10 Minute Briefing – January 2019

These new, ten minute briefings from the NPC aim to give you a quick analysis of the current debates surrounding older people in the UK.

Save the Over 75 TV Licence

Introduction

In 2015, the Government announced that it would be passing over the responsibility for funding the concessionary TV licence for the over 75s to the BBC from 2020. Last November, the BBC launched a consultation on the future of the concession, and made it clear that the current arrangement was not to be considered. The purpose of this briefing is to therefore encourage members to take part in the BBC’s consultation process and make the case for the free TV licence to continue.
 
The quickest way to take part is to fill in the online survey at: https://bbcconsultation.traverse.org.uk/, but if you are not online you can still send your comments and views to Sir David Clementi Chairman, BBC Board, BBC Broadcasting House, Portland Place, London W1A 1AA. The deadline for the consultation is 12 February 2019.

Model answers
Please give the following answers to the online consultation form questions:
 
1. The BBC should be copying the current concession – tick number 1
2. (a) Tick None of these
2. (b) Tick I’m not in favour of this reform
2. (c) Tick I’m not in favour of this reform
2. (d) Tick None of these
2. (e) Leave blank
3. Other comments – include any or all of these points:

  • For many years the free TV licence has been part of the Department for Work and Pensions’ (DWP) remit, and quite rightly has been seen as part of government’s wider welfare role in tackling social isolation among the older generation.
  • Successive governments have avoided improving the state pension, and instead have offered older people individual concessions, such as the free TV licence for the over 75s. According to the OECD, the UK state pension is the least adequate in the developed world. Removing this concession, without addressing the value of the state pension is therefore grossly unfair.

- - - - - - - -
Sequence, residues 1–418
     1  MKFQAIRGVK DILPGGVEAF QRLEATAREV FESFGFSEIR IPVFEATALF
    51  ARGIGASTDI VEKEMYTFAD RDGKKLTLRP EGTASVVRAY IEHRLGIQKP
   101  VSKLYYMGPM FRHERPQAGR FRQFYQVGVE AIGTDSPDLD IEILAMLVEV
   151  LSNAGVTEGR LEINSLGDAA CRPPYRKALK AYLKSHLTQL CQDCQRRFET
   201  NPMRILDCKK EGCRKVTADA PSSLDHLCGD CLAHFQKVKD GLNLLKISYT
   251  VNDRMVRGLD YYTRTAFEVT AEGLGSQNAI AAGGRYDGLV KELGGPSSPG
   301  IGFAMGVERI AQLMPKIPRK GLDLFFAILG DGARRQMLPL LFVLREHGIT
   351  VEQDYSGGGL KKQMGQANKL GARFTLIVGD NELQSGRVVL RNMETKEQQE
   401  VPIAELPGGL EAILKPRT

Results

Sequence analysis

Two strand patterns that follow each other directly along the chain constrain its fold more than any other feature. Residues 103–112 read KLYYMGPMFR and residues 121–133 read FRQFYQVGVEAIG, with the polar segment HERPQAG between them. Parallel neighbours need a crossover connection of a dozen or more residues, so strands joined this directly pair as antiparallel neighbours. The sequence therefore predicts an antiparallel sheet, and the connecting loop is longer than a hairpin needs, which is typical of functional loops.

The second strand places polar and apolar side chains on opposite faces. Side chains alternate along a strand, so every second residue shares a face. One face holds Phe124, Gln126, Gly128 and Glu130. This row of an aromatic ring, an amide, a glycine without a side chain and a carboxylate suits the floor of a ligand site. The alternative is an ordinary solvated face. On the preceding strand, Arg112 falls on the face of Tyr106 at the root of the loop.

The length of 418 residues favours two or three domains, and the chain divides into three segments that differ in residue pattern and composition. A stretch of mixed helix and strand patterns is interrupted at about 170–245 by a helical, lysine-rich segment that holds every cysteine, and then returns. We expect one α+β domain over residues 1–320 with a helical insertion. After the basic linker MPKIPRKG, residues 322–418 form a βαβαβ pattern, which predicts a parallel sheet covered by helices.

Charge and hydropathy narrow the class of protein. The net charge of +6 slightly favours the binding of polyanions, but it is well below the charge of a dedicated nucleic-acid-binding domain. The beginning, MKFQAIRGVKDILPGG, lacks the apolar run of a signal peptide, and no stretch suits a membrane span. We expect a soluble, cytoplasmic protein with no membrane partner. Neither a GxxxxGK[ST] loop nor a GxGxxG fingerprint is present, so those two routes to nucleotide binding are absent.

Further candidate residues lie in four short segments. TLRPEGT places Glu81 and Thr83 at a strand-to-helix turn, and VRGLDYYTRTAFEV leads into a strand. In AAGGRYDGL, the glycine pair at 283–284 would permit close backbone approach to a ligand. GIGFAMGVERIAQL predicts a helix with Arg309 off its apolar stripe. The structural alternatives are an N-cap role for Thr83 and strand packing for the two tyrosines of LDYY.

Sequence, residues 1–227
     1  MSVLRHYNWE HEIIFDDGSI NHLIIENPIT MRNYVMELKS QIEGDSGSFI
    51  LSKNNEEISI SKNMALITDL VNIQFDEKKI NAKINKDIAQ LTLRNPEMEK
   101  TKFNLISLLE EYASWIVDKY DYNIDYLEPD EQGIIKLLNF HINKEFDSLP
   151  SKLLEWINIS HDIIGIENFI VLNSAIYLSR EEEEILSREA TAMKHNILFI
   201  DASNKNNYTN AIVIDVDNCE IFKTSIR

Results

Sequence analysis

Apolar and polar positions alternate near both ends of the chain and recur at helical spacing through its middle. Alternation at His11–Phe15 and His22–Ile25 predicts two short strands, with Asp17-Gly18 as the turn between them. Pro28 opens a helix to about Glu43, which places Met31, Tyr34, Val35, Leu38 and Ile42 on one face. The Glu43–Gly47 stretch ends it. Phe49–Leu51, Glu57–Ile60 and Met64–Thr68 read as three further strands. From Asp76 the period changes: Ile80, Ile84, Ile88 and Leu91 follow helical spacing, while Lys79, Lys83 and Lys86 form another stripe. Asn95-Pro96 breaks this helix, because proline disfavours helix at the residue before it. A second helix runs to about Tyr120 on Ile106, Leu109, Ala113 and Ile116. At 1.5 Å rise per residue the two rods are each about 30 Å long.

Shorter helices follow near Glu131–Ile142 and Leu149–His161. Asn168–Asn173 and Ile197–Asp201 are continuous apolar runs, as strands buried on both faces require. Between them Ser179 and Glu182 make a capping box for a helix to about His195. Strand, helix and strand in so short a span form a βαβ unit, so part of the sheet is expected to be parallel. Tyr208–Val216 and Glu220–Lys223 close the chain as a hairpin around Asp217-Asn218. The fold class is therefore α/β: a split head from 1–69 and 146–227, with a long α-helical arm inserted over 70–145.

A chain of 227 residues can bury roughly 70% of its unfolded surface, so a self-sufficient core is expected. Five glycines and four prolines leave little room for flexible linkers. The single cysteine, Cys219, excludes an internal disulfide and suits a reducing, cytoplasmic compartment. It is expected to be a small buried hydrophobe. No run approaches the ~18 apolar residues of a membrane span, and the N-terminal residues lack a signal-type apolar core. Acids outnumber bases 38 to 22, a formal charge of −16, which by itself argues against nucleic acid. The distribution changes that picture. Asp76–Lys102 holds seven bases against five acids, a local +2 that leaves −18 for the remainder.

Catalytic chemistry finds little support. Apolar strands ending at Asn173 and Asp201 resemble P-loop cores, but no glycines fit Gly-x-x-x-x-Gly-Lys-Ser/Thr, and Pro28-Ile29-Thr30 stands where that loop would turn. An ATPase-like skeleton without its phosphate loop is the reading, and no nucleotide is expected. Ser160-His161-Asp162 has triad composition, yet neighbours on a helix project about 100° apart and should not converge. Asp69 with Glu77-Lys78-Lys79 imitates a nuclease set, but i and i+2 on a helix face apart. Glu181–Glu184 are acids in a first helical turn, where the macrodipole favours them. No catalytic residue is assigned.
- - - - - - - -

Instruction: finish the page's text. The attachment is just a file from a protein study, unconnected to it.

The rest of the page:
• In any democracy, access to information is crucial to enable citizens the opportunity to be informed and make decisions.
  • Loneliness among older people is now regarded as a growing problem. 1 in 4 pensioners view the TV as their main form of companionship.
  • The provision of such a concession should therefore be seen as playing a vital role in tackling this problem. However, the BBC has no such obligation or responsibility to tackle such issues. This is the responsibility of government.
  • As such, the concession is clearly funded from general taxation by society as a whole. This correctly reflects the obligations that we all have – including tax paying pensioners – to make a contribution towards benefits and services which we deem to be worthy.
  • Around 6.5m older people have an income of less than £11,800 a year. The TV licence – as a proportion of income, therefore represents quite a considerable amount, and I have no doubt that if the concession were to be removed, many would simply be unable to pay.
  • Means-testing a benefit costs ten times as much as it being paid universally, and experience shows that those who need it most, tend to be the ones who don’t claim.
  • The BBC also needs to look at its other areas of  expenditure, such as the salaries paid to some of its top employees and on screen talent, before it makes a decision to cut this concession.

Next steps
In addition to the consultation, the NPC has also joined forces with Age UK and others to launch an online petition against the changes to the concession. Please sign it and encourage others to do so. It can be found here: www.ageuk.org.uk/tvpetition. A hard copy version is also available from the NPC office.
 
The Convention is also calling a national protest outside the Department for Culture, Media and Sport 100 Parliament Street (off Whitehall) for 12 noon on 7 March 2019. Please do your best to attend.

National Pensioners Convention
Marchmont Community Centre
62 Marchmont Street
London
WC1N 1AB
www.npcuk.org